A health-care blow to the self-employed
Being a self-employed consultant has its perks and its drawbacks. On the upside, my work follows me wherever I go, provided I have Internet access. On the downside, there is no job security and currently I have not had any paid work in four months. I am a "live within my means" kind of woman, have never run up my credit cards and have always loved finding hidden treasures on the racks at Goodwill. Last month, I moved back to my parents' home. I would have walked away from my last consultancy with a modest cushion to hold me through this lull save one unanticipated cost: my teeth.
Because I am self-employed, I have to buy my health insurance out of pocket using after-tax dollars, compared with those who get health insurance at work and aren't taxed for the benefit. My situation reflects a rapidly increasing trend in our economy, in which companies use consultants more frequently, sparing them the obligation of providing benefits. This effectively shunts the burden of health care onto the individual. By some measures, 26 percent of the U.S. workforce is self-employed; this includes software developers, writers and consultants like myself.
So when I set out to purchase health insurance as an individual, I was severely disadvantaged because I didn't have the ability to negotiate with an insurance company in the way that Best Buy or other companies with lots of employees can. The limitations of my coverage didn't become clear until I stopped in for a checkup at my dentist. Thirty minutes later, I walked out with the horrifying news that I needed immediate and expensive work. Because my dental coverage wouldn't kick in for seven months, I had to either forgo the necessary procedures or pay out of pocket. Six thousand dollars later, I have healthy teeth and an empty bank account.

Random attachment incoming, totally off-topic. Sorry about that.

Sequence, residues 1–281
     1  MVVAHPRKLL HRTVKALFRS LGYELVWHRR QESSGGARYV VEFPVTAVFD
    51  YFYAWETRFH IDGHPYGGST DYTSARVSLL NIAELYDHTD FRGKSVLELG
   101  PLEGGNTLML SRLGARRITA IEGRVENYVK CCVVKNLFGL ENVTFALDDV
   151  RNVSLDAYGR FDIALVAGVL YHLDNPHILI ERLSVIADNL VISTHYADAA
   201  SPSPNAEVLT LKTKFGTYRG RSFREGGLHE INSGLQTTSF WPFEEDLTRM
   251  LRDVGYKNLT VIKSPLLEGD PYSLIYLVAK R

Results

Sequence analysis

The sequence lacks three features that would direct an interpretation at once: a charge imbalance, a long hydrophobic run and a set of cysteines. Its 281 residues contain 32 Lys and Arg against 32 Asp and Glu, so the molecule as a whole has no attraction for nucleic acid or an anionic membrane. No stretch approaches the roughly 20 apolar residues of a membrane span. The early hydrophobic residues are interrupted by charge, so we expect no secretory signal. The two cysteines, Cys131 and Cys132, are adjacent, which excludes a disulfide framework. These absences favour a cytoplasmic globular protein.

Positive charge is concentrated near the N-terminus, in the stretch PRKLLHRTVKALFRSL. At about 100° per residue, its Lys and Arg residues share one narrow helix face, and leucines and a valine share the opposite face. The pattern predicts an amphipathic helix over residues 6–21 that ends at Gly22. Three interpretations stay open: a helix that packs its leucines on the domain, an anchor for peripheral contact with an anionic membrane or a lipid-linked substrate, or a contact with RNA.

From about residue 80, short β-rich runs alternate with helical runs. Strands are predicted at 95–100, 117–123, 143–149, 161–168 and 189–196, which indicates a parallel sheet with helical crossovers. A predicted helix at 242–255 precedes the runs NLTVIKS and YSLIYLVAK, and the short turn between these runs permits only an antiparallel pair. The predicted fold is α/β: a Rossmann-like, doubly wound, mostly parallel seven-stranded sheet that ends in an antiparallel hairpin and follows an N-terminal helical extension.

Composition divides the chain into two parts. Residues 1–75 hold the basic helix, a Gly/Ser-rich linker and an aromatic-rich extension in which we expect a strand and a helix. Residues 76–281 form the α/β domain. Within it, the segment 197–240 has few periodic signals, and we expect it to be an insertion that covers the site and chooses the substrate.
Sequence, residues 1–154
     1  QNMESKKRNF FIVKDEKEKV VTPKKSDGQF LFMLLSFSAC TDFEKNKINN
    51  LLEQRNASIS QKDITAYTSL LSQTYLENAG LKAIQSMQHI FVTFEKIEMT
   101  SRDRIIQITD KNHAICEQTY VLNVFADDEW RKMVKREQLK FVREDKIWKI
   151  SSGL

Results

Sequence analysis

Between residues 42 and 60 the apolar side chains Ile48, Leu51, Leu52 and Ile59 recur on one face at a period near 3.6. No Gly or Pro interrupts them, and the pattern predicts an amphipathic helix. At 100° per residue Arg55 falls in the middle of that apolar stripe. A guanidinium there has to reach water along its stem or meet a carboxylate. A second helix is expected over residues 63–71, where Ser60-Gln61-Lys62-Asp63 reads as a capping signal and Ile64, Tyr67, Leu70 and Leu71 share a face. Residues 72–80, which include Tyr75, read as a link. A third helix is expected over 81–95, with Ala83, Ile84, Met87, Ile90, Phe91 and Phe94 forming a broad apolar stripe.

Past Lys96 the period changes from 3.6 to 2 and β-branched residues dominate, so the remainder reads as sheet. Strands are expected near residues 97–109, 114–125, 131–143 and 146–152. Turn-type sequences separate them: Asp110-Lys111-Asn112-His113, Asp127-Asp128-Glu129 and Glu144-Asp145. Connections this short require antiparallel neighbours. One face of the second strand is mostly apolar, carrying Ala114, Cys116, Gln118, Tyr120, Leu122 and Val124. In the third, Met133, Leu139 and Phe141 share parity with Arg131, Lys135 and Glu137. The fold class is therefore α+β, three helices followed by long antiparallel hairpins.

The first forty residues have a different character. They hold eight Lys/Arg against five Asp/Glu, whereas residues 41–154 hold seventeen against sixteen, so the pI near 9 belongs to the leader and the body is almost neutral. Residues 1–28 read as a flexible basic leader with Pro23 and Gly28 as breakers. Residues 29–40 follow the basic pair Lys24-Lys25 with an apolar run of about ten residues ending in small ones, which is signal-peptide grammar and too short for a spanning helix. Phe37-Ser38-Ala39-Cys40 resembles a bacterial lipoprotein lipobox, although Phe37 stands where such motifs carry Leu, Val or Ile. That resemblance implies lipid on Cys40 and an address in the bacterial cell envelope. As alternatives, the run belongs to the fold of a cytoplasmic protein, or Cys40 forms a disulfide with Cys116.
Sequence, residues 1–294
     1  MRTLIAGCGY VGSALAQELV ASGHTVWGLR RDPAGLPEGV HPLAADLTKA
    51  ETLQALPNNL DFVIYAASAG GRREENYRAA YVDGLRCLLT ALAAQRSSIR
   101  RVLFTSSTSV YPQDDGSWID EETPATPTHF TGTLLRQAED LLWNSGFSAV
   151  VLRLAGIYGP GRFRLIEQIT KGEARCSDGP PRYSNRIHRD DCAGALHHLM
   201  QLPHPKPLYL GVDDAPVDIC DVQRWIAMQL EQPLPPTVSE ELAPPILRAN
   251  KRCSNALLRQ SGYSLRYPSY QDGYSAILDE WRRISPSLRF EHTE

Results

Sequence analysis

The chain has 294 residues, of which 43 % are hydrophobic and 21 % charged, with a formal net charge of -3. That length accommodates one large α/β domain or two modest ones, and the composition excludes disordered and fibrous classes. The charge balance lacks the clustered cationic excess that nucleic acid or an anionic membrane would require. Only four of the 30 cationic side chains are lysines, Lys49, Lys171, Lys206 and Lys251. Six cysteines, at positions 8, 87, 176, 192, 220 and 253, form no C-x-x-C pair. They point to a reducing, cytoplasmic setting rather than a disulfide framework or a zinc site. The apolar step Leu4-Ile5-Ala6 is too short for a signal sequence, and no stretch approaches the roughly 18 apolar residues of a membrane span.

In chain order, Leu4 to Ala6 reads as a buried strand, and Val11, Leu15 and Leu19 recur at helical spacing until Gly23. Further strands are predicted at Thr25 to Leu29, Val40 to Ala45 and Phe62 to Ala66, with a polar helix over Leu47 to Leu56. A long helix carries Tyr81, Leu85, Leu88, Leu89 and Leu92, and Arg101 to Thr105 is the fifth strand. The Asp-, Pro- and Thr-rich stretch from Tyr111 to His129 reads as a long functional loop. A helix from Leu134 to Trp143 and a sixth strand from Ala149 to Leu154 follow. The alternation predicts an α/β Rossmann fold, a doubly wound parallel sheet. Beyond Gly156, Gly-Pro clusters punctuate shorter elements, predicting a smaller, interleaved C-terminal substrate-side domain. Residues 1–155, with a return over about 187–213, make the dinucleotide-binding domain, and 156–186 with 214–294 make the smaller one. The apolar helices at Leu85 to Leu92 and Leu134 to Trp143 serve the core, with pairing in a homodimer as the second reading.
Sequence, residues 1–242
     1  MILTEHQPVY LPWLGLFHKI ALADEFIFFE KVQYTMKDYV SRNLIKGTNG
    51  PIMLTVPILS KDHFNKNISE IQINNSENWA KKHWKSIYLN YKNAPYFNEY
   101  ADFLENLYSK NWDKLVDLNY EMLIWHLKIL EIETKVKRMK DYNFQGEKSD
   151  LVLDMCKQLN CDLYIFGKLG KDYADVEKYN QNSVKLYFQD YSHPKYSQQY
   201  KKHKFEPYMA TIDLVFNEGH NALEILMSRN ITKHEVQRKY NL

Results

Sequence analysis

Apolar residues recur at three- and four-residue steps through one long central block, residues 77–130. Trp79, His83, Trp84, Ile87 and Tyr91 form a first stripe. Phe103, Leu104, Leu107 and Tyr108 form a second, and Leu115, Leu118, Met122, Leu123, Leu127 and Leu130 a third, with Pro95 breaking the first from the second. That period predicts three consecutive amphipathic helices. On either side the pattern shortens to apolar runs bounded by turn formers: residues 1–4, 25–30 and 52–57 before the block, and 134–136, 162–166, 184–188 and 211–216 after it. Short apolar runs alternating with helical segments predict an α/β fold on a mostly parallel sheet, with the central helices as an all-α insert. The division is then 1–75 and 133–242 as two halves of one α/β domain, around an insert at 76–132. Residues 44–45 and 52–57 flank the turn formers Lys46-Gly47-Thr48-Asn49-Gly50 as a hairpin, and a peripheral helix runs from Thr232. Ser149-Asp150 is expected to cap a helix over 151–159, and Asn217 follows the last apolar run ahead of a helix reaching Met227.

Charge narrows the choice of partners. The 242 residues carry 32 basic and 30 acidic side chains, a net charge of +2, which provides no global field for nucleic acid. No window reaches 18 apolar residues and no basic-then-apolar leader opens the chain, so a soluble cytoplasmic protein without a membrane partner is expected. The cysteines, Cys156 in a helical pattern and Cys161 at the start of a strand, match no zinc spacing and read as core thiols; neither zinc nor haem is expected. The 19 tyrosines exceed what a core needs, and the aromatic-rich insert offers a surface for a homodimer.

To my added chagrin, I only just learned about the Freelancers Union, a Brooklyn-based nonprofit that works to help the self-employed obtain better coverage by pooling them together into a much larger negotiating bloc. This allows them to drive down premiums to buy health insurance and retirement funds. Importantly, the plans move with consultants from project to project. After crunching the numbers, I realized that its coverage would have saved me thousands of dollars, or 68 percent off my bill. New York Mayor Michael Bloomberg recently described more bluntly the risks faced by a quarter of our workforce: "Freelancers lack any safety net to fall back on during hard times. . . . [I]f a company lays you off, you can collect unemployment. But if you're a freelancer and you lose all your clients, good luck."
In the last 18 months, Freelancers Union membership has grown by 86 percent, to roughly 130,000 members across the country. Its affordable coverage provides a critical safety net for freelancers, many of whom would otherwise be a medical emergency away from financial ruin.
President Obama has frequently said that "if you are among the hundreds of millions of Americans who already have health insurance through your job, or Medicare, or Medicaid, or the VA, nothing in this plan will require you or your employer to change the coverage or the doctor you have. . . . Let me repeat this: Nothing in our plan requires you to change what you have."
So why, then, is Freelancers Union founder Sara Horowitz angry at the Obama administration and Congress over the health-care proposals meandering through Washington?
While Congress and the Obama administration have taken a play from Horowitz's book in aiming to make it easier to pool resources and purchase less expensive coverage, they have absurdly excluded groups such as the Freelancers Union from being able to participate in these exchanges. In real-world terms, this means that Horowitz's group will have to forgo helpful subsidies if it wants to keep its existing coverage.
Time magazine predicted earlier this year that by 2019, up to 40 percent of the workforce will be independent contractors. Congress needs to recognize this reality and avoid undermining successful models like the Freelancers Union as it stitches together legislative priorities for health-care reform. Until then, I pray that my teeth don't send me to the poorhouse.
The writer is a social-media consultant for nonprofits.